A circulating evaporator having a capacity of 1 liter was charged with 1960 g of a solution containing 4 g of phthalic anhydride and 6.9 g of sodium nitrate in 1 kg of concentrated sulfuric acid. 4 g of CuSO4 .sup.. 5H0 O, 1.6 g of NaCl and 2 g of NH4 VO3 were added. The mixture was heated, subsequently, at about 240° C, a cast iron sample was introduced and heating was continued until boiling. The corrosion mixture was maintained for 8.1 hours at boiling temperature of 304° to 309° C with a slight reflux. Simultaneously, 2073 g of the cited mixture of phthalic anhydride, sodium nitrate and concentrated sulfuric acid were added dropwise and correspondingly, 4 g of CuSO4 .sup.. 5H2 O, 1.6 g of NaCl and 2 g of NH4 VO3 were uniformly introduced. The acid mixture was let off the apparatus by means of a U-shaped tube connected to the bottom of the circulating evaporator, which tube controlled the acid level in the circulating evaporator. After the end of the heating, the cast iron sample was removed at 240° C from the circulating evaporator, rinsed, vigorously rubbed with a towel, dried and weighed. The corrosion loss was 0.11 mg/cm2 . hour.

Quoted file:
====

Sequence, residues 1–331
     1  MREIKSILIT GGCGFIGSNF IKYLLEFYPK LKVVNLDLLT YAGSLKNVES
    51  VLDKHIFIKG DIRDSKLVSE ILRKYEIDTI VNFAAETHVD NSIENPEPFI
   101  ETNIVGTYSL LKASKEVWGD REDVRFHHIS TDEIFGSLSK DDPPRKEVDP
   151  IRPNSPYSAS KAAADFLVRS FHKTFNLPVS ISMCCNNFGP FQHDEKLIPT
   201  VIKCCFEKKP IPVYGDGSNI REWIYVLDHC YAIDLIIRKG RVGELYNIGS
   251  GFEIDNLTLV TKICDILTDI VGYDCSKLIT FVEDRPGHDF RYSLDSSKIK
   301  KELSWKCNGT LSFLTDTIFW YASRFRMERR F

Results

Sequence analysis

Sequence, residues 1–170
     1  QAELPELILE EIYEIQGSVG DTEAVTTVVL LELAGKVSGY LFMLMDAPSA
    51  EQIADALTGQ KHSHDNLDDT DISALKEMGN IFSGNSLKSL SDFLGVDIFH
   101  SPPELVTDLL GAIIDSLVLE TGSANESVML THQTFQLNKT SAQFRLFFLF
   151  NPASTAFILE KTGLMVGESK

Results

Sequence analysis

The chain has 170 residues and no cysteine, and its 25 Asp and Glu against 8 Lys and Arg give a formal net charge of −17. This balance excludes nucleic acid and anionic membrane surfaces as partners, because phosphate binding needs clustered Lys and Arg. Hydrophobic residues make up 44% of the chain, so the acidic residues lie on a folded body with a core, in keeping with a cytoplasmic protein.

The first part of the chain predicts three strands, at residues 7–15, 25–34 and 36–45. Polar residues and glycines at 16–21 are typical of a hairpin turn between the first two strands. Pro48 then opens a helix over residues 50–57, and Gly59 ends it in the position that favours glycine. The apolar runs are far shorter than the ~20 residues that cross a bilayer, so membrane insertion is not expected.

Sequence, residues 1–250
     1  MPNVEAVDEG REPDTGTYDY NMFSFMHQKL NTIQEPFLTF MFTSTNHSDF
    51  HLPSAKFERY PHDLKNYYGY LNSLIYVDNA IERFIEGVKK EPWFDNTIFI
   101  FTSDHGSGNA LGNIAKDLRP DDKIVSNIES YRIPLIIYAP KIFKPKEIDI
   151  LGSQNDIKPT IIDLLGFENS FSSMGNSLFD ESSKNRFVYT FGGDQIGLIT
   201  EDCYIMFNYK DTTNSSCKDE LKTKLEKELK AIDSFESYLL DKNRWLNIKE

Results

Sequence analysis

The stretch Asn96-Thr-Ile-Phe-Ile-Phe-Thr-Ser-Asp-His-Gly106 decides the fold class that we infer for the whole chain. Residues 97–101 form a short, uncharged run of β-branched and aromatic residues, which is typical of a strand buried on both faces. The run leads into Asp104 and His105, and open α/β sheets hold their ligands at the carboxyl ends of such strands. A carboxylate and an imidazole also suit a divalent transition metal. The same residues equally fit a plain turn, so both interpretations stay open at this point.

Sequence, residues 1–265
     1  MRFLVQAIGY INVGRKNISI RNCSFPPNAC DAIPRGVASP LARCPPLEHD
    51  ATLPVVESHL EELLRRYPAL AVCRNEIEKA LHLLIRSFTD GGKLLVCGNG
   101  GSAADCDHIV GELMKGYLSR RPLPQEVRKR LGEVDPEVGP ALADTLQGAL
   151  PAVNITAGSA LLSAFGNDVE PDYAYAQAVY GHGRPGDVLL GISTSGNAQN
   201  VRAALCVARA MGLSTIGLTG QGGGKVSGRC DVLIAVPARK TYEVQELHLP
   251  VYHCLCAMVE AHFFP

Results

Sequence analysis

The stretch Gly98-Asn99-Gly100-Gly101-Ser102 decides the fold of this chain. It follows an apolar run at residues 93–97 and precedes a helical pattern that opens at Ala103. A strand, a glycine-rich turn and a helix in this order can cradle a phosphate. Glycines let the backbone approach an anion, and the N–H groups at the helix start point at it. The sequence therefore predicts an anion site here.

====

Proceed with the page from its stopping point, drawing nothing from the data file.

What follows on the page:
As described in Example 6, the circulating evaporator was charged with 1972 g of the solution according to Example 6 of phthalic anhydride and sodium nitrate in sulfuric acid, and 4 g of CuSO4 .sup.. 5H2 O, 1.6 g of NaCl and 2 g of Na2 Cr2 O7 .sup.. 2H2 O were added. After heating the introduction of the cast iron sample at about 240° C, the whole was maintained at boiling temperature of 308°-309° C for 7.7 hours. During this time, 2061 g of the sulfuric acid solution were added dropwise, and 4 g of CuSo4 .sup.. 5H2 O, 1.6 g of NaCl and 2 g of Na2 Cr2 O7 .sup.. 2H2 0 were uniformly introduced. After this time, the sample was removed at about 250° C and treated as described in Example 6. There was no corrosion loss.
As compared to Examples 6 and 7, the corrosion loss of cast iron without the addition of V or Cr compounds was 11.6 mg/cm2 . hour.
The cast iron used was perlite grey cast iron having an A 4 graphite structure and containing 3.3% of C, 2.4% of Si, 0.63% of P, 0.15% of S, 0.52% of Mn, 0.043% of Ni; further components of the alloy as usual in gray cast iron, remainder: iron.